We’ll have much more to say about the case of Jack Phillips. In the meantime, please, come to, click on this commentary for a link to Ryan Anderson’s excellent article. And be sure to share it with folks you know.


Jack Phillips and the Freedom to Be Christian: Dissenting from the Sexual Revolution

Click here to read Ryan Anderson’s article in National Review. And equip yourself with the actual facts in the Phillips’ case set to be argued this fall before the Supreme Court.


The Continuing Threat to Religious Liberty
  • Ryan T. Anderson | National Review | August 3, 2017
U.S. Supreme Court Will Hear Colorado Cake Artist Jack Phillips’ Case
  • Marissa Mayer | Alliance Defending Freedom | June 26, 2017

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  • Phoenix1977

    “At the heart of this challenge to religious freedom is what Anderson calls “the never-ending expansion of anti-discrimination statutes.”
    Absolutely. 100 years ago it was unthinkable women were protected by the law. 60 years ago it was unthinkable blacks were protected by the law. And 5 years ago it was unthinkable LGBTs were protected by the law.
    And the joke here is the very thing Christians are fighting for in the courts today is their protection by the law. But I guess Ryan T. Anderson has no problem with Christians being protected by “the never-ending expansion of anti-discrimination statutes”?

    • Thisoldspouse

      Please stop with the “protected” euphemism; everyone knows that such “protections” are simply state-backed clubs placed in the hands of a special minority to violate the property rights of others.

      • Phoenix1977

        Like women and blacks?

  • Phoenix1977

    “This has nothing to do with voting, working, eating in restaurants etc. This has to do with compelling others to actively participate in a ceremony. There is a difference.”
    You’re absolutely right. This is far greater than voting, working or eating at restaurants. This is about our right to be who we are and to be respected.

    • Steve

      No one is saying you can’t be who you are. You need to let others be who they are too.

      • Phoenix1977

        If you fight against our right to marry the one we love or are in favor of openly discriminate against LGBTs based on your religion you don’t allow us to be who and what we are.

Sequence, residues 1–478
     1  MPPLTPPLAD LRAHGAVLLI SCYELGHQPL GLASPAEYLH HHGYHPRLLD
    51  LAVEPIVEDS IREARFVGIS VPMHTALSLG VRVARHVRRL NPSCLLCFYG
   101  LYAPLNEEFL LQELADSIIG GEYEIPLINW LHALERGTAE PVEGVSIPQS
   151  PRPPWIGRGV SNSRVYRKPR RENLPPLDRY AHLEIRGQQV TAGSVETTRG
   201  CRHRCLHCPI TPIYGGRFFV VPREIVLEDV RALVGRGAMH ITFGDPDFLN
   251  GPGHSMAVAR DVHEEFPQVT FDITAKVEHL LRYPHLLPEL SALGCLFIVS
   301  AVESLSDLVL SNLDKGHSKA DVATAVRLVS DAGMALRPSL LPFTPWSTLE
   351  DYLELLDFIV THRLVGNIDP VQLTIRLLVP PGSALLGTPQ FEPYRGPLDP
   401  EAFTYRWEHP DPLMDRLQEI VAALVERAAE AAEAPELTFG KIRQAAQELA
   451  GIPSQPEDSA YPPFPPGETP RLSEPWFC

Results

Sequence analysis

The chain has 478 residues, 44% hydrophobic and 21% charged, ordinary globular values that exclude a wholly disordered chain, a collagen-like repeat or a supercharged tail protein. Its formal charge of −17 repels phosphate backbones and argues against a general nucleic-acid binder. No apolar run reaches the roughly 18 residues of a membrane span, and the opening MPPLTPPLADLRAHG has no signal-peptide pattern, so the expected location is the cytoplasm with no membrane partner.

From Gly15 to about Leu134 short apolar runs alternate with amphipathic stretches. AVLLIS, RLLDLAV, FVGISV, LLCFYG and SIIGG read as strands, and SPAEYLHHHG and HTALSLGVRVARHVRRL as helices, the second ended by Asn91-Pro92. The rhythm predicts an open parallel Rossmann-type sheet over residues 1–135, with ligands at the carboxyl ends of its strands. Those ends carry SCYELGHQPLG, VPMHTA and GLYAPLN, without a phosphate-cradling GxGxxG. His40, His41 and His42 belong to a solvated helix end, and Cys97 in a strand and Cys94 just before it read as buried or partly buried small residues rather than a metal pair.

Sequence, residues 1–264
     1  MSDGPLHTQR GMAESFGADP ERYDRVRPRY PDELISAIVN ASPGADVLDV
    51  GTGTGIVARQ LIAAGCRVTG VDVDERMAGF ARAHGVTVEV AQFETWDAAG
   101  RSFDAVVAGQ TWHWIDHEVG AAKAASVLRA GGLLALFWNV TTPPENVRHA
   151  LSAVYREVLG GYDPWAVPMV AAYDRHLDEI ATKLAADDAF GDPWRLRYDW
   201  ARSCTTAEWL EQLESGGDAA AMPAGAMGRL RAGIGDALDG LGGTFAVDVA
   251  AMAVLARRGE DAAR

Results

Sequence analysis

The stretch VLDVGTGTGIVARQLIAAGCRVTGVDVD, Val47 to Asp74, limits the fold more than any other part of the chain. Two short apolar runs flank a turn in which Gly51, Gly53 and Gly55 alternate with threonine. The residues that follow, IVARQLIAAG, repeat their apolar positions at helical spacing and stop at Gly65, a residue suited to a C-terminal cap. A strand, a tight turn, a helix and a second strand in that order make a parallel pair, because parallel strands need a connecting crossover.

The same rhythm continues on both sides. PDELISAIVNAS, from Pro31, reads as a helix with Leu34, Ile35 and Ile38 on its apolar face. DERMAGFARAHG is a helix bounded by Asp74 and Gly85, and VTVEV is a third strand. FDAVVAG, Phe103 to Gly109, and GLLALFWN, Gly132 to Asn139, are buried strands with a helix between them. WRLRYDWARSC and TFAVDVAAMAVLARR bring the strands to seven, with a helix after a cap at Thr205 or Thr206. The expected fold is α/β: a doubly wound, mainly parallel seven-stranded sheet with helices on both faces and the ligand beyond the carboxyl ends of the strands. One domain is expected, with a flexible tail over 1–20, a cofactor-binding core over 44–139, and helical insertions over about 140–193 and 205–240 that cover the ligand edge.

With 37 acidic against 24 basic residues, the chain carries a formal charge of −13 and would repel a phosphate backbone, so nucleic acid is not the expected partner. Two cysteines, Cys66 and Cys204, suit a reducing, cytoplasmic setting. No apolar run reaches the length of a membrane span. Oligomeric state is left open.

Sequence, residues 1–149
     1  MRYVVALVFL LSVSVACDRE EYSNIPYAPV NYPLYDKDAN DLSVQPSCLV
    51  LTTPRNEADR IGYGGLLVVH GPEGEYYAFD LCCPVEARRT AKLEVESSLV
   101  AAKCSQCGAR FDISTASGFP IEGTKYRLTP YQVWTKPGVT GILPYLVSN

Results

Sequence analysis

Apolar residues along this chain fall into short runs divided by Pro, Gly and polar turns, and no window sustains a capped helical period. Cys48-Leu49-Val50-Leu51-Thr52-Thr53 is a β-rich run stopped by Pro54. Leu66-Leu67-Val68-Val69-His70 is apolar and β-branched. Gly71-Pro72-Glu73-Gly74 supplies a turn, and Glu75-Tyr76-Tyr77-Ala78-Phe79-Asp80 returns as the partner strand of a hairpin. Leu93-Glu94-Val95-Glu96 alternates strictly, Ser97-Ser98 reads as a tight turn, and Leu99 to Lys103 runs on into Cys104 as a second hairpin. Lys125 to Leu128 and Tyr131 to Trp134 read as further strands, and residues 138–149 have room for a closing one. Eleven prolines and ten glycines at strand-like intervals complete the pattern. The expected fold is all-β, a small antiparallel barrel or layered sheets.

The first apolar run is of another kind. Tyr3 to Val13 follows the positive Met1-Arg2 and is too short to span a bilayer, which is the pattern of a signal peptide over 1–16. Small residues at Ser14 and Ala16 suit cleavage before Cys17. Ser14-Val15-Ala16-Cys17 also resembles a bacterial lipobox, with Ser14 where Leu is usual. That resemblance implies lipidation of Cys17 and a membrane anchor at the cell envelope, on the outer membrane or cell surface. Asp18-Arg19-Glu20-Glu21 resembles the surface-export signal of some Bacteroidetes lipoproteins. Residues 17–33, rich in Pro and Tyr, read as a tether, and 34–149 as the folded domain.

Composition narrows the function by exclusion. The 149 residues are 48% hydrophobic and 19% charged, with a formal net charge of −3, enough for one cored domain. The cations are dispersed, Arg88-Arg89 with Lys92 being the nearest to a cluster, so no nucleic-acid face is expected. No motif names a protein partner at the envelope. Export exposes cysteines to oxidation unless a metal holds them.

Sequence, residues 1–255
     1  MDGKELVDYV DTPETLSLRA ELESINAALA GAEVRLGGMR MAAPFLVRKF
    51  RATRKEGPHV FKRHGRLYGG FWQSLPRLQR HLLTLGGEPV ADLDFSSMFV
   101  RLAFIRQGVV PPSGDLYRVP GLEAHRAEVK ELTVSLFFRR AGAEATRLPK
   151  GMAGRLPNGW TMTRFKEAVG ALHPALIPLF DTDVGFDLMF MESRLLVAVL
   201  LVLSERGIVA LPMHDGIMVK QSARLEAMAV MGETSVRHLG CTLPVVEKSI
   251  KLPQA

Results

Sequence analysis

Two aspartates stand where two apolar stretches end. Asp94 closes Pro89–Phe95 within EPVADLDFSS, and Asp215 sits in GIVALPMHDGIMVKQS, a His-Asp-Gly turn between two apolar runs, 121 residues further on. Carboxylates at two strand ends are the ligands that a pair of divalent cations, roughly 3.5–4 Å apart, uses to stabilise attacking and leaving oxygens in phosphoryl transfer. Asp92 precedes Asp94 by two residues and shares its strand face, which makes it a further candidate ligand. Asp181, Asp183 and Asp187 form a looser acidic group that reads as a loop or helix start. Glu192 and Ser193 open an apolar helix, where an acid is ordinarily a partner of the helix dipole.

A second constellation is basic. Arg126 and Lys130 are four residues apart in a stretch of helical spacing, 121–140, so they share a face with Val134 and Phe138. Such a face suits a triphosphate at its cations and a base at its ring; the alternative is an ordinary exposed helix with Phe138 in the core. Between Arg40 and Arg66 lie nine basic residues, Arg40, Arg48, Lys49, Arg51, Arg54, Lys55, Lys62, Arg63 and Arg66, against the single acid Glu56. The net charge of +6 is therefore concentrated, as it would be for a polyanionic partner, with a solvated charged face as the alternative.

• Steve

          You do have the right to marry now in the U.S. We have the right to disagree with that. You cannot force people to believe what you believe.
          Nor should you be able to force people to go against their beliefs to support yours.
          Is the LGBT community that insecure that they need everyone to agree with them?

          • Phoenix1977

            “You cannot force people to believe what you believe.”
            No, but we can force you to treat us equally as everyone else. Jack Phillips is a very good example of that.

            “Is the LGBT community that insecure that they need everyone to agree with them?”
            We couldn’t care less if you agree with us or not. The majority of society agrees with us and, far more importantly, the courts agree with us. We simply need you to treat us the very same as you would treat anyone else. And if not, we’ll see you in court.

      • jennyachuthan

        So the question is what happens when those two things conflict as they do here. Questions about religious liberty as it relates to the sexual revolution always come down to this. Chai Feldblum, former EEOC commissioner and a lesbian herself said conveniently that when push comes to shove ( perhaps an appropriate analogy) when religious liberty and sexual liberty conflict, she admits, ‘I’m having a hard time coming up with any case in which religious liberty should win.’

    • Thisoldspouse

      You can force “respect?” Since when?

      I thought that had to be earned and given voluntarily, at least authentic respect does.

      • Phoenix1977

        i don’t think that is what your bible says about the subject.